I've been kind of slacking, a little lethargic with all that holiday food and trying to get back into the work mode (yesterday in the office was very very tough to get through). But really, my excuse for not posting something sooner is that I've been thinking about what recipe to write about over the last couple of days (really). Over New Year's, I'd been surrounded by so much good food, I couldn't decide what to write about! I made some thumbprint cookies--which were really more like index-finger-print cookies because I made them a little too small--for coworkers, and then there was this really yummy baked apple pancake a friend showed me how to make on New Year's Day while half-watching the Rose Bowl (missing most of the game turned out to be just fine since Penn State lost to USC, so sad), and then there was this beautiful fresh blueberry (yes, fresh blueberries in January! Imported from Chile, apparently) pie another friend made for a post-New Year's Day dinner--but I can't remember the name of the book the recipe came from... Now, as I sit here typing, though, with my belly distended and feeling like it could pop (and believe me, I'm not pregnant), I'm more and more convinced that I should probably start out 2009 with something other than a pastry and instead begin the new year with...a vegetable(!). I really hope I haven't disappointed you with that. It won't be so bad, I promise.
I'm kind of unlearned as far as vegetables go, spending more time making desserts than main courses. But until just a couple of months ago, I had never tried Swiss chard in my entire life. (I haven't lived an incredibly long life or anything, but I'm certainly beyond my teenage and college years during which my main diet consisted of burgers and pizza--though I still love both!) Swiss chard has always sounded a little fancy to me--so European (you know, "Swiss" and all), kind of bourgeois. And I didn't know what to do with those giant, tough green leaves. Then I read this article in The New York Times' Recipes for Health column that brought it down to my level, made it more approachable, and I learned that Swiss chard doesn't really have much to do with Switzerland at all.
I scoped out the Saturday Farmer's Market where I live and found the swiss chard (which was not a difficult to do since it was, and still is, in season). It was only a dollar for a nice big bunch! And they also came with different colored stalks, instead of all green, which made them look so pretty. I felt kind of accomplished making my first purchase of swiss chard and it was such a deal! (I kind of get excited about good deals.) I brought my swiss chard home, carefully washed the dirt off the leaves and stems, chopped them up and made the Swiss Chard and Red Pepper Gratin recipe that was published in The New York Times article (with some slight variations). It baked up so beautifully, like a frittata, with all the colors reflective of fall that made me feel so...well...warm and fuzzy. The Swiss chard also had a mild flavor, though somewhat similar to spinach, but didn't leave that gritty film on my teeth the way spinach does. I made the gratin again recently for the post-New Year's Day dinner, and everyone really enjoyed it (at least that's what they said, maybe they were being nice, but I'd like to think they were being honest). Swiss chard is now my new favorite vegetable.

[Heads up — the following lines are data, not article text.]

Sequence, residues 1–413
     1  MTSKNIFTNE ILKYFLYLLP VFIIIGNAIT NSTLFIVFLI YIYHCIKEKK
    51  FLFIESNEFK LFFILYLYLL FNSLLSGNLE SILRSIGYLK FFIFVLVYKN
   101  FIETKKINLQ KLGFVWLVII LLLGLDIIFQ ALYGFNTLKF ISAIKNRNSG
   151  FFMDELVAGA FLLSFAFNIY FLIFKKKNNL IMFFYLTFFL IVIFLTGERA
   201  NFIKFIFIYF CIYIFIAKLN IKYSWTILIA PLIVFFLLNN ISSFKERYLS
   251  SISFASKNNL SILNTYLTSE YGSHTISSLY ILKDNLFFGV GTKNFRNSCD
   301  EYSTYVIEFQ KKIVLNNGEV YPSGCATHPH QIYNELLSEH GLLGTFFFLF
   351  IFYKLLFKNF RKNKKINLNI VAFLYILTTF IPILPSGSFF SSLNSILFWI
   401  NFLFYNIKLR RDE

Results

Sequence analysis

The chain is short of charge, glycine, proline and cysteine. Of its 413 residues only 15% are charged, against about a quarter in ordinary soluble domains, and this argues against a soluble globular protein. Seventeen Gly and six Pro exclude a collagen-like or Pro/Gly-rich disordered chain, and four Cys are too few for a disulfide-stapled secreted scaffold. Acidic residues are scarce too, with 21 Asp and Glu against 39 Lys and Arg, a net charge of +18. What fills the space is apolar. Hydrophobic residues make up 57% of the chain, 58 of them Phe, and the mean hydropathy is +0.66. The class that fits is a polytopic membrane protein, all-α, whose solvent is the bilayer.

Swiss Chard and Red Pepper Gratin
(adapted from The New York Times recipe)
Serves about 6 as a side dish
About 1-1/2 pounds of Swiss chard
1 medium onion, chopped
2 cloves of garlic, minced
1 red pepper, chopped
1/4 pound of Gruyere cheese (or other similar type of cheese, like robusto), shredded
1/2 cup of brown rice (the original recipe calls for arborio rice)
3 large eggs, beaten
1/2 cup of low fat milk
1/2 t. dried thyme (or 1 t. of fresh thyme)
1 t. salt (or to taste)
1/2 t. pepper (or to taste)
2 T. bread crumbs
Wash the Swiss chard thoroughly, and trim the leaves from the stalks. Cut the stalk into 1" pieces, and roughly chop the leaves. Divide the leaves from the stalks. The original recipe calls for blanching the Swiss chard before stir frying, but I skip this step to save time. In a pot, over medium heat, stir fry the onions in olive oil until fragrant. Add the garlic and stir fry for another minute or so, then add the chopped Swiss chard stalks, red pepper, salt and pepper and continue to stir fry until the vegetables turn a little tender. Gradually mix in the Swiss chard leaves in bunches and stir constantly until the leaves wilt. Remove the pot from the heat.
Preheat the oven to 375F degrees. Grease a 5"x7" casserole dish with olive oil.
Mix the cheese into the vegetables in the pot. Beat the milk into the eggs in a separate small bowl, and pour the mixture into the pot, then add the rice and thyme. Mix the ingredients together in the pot, then pour it into the casserole dish, light patting down the vegetables to create an even surface. Sprinkle the bread crumbs over the top. Bake for about 40 to 45 minutes, until the top browns. Remove the casserole dish from the oven and let it cool for about 10 minutes. The New York Times says it can be served warm or at room temperature, but I prefer it served warm.
Now that you've sat through my dirge on how great Swiss chard is, here are photos of the baked apple pancake and the blueberry pie as a treat. Mmm...